Wednesday, 23 October 2019

Main churches losing population share

In the Low Countries it looks more as if the Church is dying. The majority of main churches, the bastions of a few decades ago, are nearly empty and even have no weekly Sunday service any more.

In the United States there are still many mega-churches, but there too we can find that the main churches are loosing attending ship.

Based on telephone surveys conducted in 2018 and 2019, Pew Research Center said Thursday that 65% of American adults now describe themselves as Christian, down from 77% in 2009. Meanwhile, the portion that describes their religious identity as atheist, agnostic or “nothing in particular,” now stands at 26%, up from 17% in 2009.

The so called conservative Christian country sees her religious landscape changing at a rapid clip.

One-in-five adults (20%) are Catholic, down from 23% in 2009.

Self-described atheists now account for 4% of U.S. adults, up modestly but significantly from 2% in 2009; agnostics make up 5% of U.S. adults, up from 3% a decade ago; and 17% of Americans now describe their religion as “nothing in particular,” up from 12% in 2009.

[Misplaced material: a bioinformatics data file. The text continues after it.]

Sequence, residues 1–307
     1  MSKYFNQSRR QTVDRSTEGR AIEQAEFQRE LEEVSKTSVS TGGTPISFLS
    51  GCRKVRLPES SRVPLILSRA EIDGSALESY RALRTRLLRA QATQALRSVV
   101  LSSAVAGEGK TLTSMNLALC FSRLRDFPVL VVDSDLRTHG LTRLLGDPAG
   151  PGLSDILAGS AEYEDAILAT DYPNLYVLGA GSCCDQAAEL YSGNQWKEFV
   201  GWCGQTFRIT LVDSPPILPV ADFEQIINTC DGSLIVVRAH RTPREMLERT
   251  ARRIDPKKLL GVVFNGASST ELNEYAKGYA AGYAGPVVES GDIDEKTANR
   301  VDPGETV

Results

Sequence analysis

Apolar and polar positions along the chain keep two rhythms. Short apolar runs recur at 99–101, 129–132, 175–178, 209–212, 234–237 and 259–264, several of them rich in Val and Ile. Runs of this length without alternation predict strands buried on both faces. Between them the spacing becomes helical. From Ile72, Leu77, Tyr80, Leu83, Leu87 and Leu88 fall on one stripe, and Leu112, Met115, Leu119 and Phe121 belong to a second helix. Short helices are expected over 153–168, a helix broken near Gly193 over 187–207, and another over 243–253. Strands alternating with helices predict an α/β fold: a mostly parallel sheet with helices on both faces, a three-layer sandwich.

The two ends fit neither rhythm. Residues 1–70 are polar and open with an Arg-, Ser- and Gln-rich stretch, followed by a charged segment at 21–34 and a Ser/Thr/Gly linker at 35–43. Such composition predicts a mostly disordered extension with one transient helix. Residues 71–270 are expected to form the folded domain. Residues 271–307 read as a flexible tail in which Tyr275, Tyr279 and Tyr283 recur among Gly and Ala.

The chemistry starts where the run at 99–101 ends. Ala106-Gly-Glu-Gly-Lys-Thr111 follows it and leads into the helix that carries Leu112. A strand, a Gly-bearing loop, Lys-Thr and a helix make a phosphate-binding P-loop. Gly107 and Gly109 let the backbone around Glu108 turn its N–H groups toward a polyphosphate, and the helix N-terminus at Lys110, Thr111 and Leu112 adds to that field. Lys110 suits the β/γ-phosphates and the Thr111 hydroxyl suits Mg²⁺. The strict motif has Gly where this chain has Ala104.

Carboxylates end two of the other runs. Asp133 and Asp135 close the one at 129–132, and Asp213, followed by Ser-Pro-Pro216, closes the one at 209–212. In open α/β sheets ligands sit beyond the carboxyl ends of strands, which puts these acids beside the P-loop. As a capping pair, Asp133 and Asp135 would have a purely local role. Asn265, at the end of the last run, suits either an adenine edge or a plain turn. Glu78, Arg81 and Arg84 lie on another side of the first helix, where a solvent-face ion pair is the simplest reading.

As in Europe we can see that members of non-Christian religions also have grown modestly as a share of the adult population.

Over the last decade, the share of Americans who say they attend religious services at least once or twice a month dropped by 7 percentage points, while the share who say they attend religious services less often (if at all) has risen by the same degree.

> In U.S., Decline of Christianity Continues at Rapid Pace

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